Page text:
Education Webcast Series — STEM@NASA Goddard: Women’s History Month Join NASA’s Goddard Space Flight Center in March for “STEM @ NASA Goddard: Women’s History Month.” On Wednesdays at 1 p.m. ET (March 8, 15, 22 and 29), the Goddard Office of Education will celebrate Women’s History Month by highlighting women in STEM. Women from GSFC in Greenbelt, Maryland, and Wallops Flight Facility in Virginia will share how they practice science, technology, engineering and mathematics through their research, missions, careers, etc. The 30-minute programs will be streamed live on UStream, and participants will be able to interact with the guest speakers by submitting questions through email and Twitter. To view the programs on Ustream, visit http://www.ustream.tv/channel/nasa-gsfc. For more information or to express interest in participating, please contact Erin McKinley at firstname.lastname@example.org.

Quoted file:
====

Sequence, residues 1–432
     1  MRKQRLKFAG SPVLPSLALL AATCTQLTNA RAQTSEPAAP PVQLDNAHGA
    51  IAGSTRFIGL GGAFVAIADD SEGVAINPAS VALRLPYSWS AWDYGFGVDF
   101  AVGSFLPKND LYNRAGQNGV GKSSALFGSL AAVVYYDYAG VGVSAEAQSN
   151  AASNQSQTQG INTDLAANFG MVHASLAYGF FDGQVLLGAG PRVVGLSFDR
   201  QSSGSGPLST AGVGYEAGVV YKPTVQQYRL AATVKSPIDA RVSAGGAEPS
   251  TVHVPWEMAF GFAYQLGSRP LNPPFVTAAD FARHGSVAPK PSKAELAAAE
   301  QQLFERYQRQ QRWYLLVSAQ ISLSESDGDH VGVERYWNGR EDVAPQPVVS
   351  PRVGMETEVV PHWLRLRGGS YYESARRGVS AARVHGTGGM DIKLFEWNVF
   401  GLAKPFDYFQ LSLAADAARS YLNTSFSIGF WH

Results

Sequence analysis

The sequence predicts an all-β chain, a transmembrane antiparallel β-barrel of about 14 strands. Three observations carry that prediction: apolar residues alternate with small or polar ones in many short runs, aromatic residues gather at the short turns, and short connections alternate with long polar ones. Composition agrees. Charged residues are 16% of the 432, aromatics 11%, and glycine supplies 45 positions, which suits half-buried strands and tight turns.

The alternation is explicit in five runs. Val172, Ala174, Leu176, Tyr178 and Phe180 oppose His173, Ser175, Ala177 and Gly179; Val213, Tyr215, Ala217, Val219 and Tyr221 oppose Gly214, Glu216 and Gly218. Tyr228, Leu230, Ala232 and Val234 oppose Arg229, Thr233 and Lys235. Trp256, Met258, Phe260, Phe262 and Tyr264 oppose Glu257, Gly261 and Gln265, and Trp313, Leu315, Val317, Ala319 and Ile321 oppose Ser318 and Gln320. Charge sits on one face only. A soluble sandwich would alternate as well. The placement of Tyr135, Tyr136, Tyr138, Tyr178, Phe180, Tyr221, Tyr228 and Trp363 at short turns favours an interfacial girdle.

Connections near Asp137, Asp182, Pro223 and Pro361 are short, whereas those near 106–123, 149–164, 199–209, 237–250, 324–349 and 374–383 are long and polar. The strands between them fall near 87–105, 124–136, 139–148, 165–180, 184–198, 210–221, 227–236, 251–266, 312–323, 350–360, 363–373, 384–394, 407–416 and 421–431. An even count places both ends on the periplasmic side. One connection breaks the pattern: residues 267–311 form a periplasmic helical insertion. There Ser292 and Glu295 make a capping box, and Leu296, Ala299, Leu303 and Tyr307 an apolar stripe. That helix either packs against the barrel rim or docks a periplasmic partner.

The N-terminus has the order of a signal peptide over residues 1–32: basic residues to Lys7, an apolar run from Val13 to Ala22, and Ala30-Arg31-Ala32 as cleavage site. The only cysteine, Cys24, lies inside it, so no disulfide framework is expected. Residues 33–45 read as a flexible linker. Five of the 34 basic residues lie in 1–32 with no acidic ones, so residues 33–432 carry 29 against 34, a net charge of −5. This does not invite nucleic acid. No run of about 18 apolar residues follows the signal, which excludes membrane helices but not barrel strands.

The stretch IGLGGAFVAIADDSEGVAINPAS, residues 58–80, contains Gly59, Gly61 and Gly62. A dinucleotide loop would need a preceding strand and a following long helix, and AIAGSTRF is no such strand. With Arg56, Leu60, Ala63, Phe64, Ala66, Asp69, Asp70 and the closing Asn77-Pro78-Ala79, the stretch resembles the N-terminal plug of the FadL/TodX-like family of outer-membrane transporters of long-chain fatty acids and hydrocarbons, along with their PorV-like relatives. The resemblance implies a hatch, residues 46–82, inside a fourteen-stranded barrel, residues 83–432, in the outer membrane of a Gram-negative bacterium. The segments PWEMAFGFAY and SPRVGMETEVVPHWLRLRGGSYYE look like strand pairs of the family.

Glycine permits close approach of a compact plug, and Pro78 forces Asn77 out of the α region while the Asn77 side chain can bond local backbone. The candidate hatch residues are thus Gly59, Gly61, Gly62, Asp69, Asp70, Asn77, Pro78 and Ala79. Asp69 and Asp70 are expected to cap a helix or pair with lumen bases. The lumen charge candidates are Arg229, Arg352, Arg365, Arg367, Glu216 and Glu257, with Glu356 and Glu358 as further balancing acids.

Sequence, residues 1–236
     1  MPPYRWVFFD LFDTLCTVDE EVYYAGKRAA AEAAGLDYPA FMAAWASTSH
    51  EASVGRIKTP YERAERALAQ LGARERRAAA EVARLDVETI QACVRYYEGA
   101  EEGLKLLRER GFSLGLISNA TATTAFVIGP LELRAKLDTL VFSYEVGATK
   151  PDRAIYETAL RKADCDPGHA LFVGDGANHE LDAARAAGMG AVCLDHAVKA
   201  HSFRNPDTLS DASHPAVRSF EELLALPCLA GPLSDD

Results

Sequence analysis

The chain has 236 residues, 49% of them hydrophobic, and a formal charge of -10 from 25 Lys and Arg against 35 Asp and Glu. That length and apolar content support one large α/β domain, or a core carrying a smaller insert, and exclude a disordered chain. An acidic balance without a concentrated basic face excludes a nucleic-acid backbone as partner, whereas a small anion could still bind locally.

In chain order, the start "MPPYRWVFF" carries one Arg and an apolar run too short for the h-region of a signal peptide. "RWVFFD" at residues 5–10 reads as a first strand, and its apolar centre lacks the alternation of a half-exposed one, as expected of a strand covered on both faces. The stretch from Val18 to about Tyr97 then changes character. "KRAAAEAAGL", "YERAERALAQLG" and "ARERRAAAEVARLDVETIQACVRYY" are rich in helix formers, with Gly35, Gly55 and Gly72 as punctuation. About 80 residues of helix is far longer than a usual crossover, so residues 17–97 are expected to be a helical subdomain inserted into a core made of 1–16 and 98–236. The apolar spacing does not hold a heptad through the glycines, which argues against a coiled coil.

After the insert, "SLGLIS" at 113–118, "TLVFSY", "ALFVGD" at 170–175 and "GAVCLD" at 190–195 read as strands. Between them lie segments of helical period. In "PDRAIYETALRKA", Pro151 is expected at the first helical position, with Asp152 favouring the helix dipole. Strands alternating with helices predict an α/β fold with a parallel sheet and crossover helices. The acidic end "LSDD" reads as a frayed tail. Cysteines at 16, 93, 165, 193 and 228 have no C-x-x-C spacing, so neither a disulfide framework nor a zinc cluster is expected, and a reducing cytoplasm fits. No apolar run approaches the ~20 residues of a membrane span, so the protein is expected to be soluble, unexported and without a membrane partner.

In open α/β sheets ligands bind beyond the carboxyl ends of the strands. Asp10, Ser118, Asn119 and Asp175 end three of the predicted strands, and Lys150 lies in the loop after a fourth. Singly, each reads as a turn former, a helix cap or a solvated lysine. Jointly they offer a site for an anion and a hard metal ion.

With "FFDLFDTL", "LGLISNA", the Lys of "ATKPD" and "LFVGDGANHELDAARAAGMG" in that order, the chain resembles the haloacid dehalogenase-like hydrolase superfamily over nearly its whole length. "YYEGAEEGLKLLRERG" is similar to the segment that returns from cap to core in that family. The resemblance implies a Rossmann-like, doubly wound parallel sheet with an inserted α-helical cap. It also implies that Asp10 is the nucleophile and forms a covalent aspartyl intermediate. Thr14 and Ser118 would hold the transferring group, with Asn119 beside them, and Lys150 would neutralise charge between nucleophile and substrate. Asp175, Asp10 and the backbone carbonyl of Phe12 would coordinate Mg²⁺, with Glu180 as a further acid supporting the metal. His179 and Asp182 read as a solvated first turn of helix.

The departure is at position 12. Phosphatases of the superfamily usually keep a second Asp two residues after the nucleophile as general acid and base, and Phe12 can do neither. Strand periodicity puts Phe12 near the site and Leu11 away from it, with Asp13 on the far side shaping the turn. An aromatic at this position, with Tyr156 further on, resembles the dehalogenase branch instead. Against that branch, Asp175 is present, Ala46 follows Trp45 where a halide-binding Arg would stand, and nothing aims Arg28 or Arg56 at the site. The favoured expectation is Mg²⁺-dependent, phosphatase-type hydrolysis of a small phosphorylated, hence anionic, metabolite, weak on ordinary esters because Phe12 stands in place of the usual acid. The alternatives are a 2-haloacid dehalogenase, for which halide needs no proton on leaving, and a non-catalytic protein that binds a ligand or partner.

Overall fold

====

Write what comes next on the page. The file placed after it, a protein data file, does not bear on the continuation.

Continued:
Call for Papers: 2017 International Space Station Research and Development Conference The sixth annual International Space Station Research and Development Conference will be held July 17-20, 2017, in Washington, D.C. NASA, the Center for the Advancement of Science in Space, and the American Astronomical Society are seeking abstracts under the categories of Biology and Medicine; Human Health in Space; Commercialization and Nongovernment Utilization; Physical Sciences and Materials Development; Plant Science; Earth Science and Remote Sensing; Technology Development and Demonstration; Finances, and STEM Education (science, technology, engineering and mathematics). Topics should relate to science, exploration and technology activities (past, present, planned or under development) on the International Space Station. Both the conference and abstract submittal are open to entrepreneurial, commercial, academic and government agency attendees, both from and outside the United States. Eligible attendees include professionals, young professionals, students and interested parties. The working language for the conference is English. The conference will include plenaries for topics of general interest and technical sessions for focused discussions. Because of the large number of expected submissions, presenters are encouraged to submit abstracts early. The deadline is March 24, 2017. For more information about the conference and how to submit an abstract for consideration, visit http://www.issconference.org/. Please direct questions about this opportunity to ISSTechChair@atdl-inc.com.